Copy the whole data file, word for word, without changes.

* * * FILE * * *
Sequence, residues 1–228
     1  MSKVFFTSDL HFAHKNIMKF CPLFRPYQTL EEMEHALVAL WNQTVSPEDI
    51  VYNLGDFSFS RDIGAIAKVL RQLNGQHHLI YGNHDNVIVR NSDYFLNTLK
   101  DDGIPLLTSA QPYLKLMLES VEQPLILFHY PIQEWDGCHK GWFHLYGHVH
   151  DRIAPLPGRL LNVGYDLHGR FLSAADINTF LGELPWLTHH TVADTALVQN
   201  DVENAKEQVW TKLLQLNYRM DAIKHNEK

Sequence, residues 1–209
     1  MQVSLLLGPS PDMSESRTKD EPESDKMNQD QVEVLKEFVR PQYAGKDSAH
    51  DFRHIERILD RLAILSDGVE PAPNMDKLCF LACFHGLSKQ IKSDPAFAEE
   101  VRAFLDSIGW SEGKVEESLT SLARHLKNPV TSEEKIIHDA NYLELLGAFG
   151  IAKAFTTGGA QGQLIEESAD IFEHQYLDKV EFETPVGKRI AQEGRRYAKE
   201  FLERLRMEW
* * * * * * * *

Sequence, residues 1–228
     1  MSKVFFTSDL HFAHKNIMKF CPLFRPYQTL EEMEHALVAL WNQTVSPEDI
    51  VYNLGDFSFS RDIGAIAKVL RQLNGQHHLI YGNHDNVIVR NSDYFLNTLK
   101  DDGIPLLTSA QPYLKLMLES VEQPLILFHY PIQEWDGCHK GWFHLYGHVH
   151  DRIAPLPGRL LNVGYDLHGR FLSAADINTF LGELPWLTHH TVADTALVQN
   201  DVENAKEQVW TKLLQLNYRM DAIKHNEK

Sequence, residues 1–209
     1  MQVSLLLGPS PDMSESRTKD EPESDKMNQD QVEVLKEFVR PQYAGKDSAH
    51  DFRHIERILD RLAILSDGVE PAPNMDKLCF LACFHGLSKQ IKSDPAFAEE
   101  VRAFLDSIGW SEGKVEESLT SLARHLKNPV TSEEKIIHDA NYLELLGAFG
   151  IAKAFTTGGA QGQLIEESAD IFEHQYLDKV EFETPVGKRI AQEGRRYAKE
   201  FLERLRMEW